18-06-2020 | REVIEW
Parenting Self-compassion: a Systematic Review and Meta-analysis
Gepubliceerd in: Mindfulness | Uitgave 9/2020Log in om toegang te krijgen
Self-compassion-promoting components are increasingly included in parenting interventions. The strength of the evidence for the effectiveness of these components on self-compassion and both parent and child outcomes is unknown.
A systematic review of parenting intervention studies published between January 1st 2003 and February 8th 2019, that included self-compassion components and measured self-compassion quantitatively was undertaken. The outcomes of interest were the effect of these interventions on self-compassion and the effect of these interventions on both parent and child outcomes. Quantitative meta-analyses were conducted where appropriate.
Thirteen trials met inclusion criteria. Results suggest that parenting interventions that include self-compassion components significantly increased parental self-compassion (pre-post: g = 0.372; between groups: g = 0.690). Pre-post analyses suggest that these interventions decreased parental depression (g = − 0.425), parental anxiety (g = − 0.377) and parental stress (g = − 0.363) and increased parental mindfulness (g = 0.529). Between-group and follow-up results for parent outcomes ranged from no effect to significant improvements. Five of the studies assessed the effects on child outcomes, with mixed results. Included studies were of low methodological quality, lacked control groups and generally failed to report study-level predictors and moderators of treatment effectiveness. There was also evidence of publication bias. Thus, the generalisability of findings may be limited.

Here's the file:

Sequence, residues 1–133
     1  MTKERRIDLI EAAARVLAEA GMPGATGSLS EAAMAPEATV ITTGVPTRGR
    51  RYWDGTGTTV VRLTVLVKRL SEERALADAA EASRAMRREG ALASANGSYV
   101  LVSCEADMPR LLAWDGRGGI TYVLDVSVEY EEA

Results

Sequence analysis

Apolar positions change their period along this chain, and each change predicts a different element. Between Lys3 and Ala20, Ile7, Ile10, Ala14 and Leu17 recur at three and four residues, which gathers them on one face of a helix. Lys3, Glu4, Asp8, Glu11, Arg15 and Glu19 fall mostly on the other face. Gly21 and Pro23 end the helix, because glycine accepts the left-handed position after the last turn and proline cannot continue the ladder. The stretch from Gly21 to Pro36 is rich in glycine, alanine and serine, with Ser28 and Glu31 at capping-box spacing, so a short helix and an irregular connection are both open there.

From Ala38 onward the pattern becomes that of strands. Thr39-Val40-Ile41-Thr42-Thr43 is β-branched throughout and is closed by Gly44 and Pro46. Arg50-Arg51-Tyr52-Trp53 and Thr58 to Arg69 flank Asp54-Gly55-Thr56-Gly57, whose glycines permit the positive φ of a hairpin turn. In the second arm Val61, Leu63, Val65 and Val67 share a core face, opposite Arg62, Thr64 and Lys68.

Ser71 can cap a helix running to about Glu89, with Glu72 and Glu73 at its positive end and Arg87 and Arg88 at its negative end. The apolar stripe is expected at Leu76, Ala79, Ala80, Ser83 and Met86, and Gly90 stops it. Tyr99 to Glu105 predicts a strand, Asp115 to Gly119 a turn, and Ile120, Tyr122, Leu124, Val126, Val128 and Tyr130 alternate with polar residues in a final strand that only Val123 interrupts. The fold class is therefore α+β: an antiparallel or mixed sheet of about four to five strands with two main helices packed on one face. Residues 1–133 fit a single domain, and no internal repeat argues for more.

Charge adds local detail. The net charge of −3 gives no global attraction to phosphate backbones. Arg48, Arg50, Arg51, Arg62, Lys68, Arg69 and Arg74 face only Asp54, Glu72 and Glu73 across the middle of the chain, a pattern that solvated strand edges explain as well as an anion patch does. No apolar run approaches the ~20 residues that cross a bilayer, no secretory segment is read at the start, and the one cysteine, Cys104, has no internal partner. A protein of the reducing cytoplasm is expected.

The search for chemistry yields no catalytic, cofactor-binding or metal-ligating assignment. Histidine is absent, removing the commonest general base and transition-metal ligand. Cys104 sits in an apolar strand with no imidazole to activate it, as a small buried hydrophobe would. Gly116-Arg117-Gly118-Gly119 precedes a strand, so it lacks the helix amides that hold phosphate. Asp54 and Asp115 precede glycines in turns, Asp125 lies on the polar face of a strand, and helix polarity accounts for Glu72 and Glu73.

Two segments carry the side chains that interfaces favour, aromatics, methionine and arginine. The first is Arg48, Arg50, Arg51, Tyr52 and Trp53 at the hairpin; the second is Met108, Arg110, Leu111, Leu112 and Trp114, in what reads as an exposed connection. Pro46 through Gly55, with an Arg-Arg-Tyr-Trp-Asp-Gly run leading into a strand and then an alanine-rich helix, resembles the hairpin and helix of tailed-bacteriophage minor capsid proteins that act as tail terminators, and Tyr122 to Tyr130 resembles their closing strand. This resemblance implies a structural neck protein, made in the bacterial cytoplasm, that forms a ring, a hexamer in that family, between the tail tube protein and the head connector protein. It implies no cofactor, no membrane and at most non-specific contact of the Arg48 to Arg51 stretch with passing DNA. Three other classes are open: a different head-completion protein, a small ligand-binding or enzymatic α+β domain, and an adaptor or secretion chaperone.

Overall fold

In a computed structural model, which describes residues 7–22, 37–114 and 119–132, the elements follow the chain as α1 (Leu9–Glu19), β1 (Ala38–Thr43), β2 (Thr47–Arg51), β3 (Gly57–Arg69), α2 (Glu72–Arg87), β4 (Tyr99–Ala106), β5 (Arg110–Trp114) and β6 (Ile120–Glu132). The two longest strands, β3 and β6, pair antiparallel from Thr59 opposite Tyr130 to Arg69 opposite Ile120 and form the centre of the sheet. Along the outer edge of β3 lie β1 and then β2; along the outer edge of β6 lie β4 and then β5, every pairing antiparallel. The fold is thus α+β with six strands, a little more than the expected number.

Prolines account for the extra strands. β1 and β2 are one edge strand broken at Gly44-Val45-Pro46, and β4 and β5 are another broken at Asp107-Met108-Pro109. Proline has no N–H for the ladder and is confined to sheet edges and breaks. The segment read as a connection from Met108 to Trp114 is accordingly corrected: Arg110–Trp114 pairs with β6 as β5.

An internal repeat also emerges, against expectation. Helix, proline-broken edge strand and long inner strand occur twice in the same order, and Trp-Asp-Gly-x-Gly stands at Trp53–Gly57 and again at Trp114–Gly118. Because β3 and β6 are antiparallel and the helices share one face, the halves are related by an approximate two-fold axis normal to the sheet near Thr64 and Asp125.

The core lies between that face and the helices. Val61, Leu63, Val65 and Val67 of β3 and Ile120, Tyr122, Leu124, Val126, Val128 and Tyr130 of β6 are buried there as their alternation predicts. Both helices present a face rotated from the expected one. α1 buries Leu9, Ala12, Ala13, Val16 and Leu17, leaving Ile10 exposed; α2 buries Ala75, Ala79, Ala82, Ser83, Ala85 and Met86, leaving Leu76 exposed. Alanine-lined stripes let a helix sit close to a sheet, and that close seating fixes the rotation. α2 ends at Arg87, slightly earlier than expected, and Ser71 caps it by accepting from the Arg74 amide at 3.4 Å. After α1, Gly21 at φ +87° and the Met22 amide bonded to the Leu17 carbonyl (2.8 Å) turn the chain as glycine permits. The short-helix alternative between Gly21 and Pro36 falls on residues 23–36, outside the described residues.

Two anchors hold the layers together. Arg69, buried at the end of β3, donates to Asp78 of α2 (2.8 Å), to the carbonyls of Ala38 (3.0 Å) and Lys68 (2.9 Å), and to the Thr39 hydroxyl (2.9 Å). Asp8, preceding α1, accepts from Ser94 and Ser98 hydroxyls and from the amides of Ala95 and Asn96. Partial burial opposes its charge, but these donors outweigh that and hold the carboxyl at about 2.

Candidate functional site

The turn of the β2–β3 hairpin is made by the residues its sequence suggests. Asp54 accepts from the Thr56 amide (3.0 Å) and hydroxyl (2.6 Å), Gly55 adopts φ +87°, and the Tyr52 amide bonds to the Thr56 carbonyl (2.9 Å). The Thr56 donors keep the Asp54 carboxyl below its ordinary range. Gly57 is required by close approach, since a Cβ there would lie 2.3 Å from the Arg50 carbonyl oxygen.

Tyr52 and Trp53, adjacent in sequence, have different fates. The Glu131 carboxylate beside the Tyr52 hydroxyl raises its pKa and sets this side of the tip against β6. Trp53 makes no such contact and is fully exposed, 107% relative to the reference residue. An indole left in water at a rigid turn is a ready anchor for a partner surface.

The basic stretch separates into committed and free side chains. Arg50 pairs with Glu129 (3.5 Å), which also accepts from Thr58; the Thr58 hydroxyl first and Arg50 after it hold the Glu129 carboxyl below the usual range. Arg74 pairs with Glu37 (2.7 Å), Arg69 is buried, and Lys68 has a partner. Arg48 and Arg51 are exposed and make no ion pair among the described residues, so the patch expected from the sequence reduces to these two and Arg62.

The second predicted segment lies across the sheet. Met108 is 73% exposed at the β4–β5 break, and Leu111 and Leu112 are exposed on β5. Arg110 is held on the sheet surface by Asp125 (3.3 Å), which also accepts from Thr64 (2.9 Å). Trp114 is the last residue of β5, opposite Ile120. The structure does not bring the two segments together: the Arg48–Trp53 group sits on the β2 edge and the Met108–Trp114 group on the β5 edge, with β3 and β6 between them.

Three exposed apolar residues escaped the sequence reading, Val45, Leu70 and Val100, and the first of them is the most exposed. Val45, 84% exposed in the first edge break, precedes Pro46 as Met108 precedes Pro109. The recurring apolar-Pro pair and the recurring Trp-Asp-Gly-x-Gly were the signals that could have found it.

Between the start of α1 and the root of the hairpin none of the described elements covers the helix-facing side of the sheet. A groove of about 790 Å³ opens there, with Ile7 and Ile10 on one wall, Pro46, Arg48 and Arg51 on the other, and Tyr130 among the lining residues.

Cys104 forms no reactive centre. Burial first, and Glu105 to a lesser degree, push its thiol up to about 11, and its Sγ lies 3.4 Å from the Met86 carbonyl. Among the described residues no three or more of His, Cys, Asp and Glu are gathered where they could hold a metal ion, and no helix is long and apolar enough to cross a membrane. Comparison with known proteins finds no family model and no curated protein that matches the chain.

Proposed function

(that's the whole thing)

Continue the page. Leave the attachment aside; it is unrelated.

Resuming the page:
Parenting interventions that include self-compassion components appear to improve parental self-compassion, depression, anxiety, stress and mindfulness. Further research is needed to clarify these gains and to identify the mechanisms by which this benefit occurs, both for parents and their children.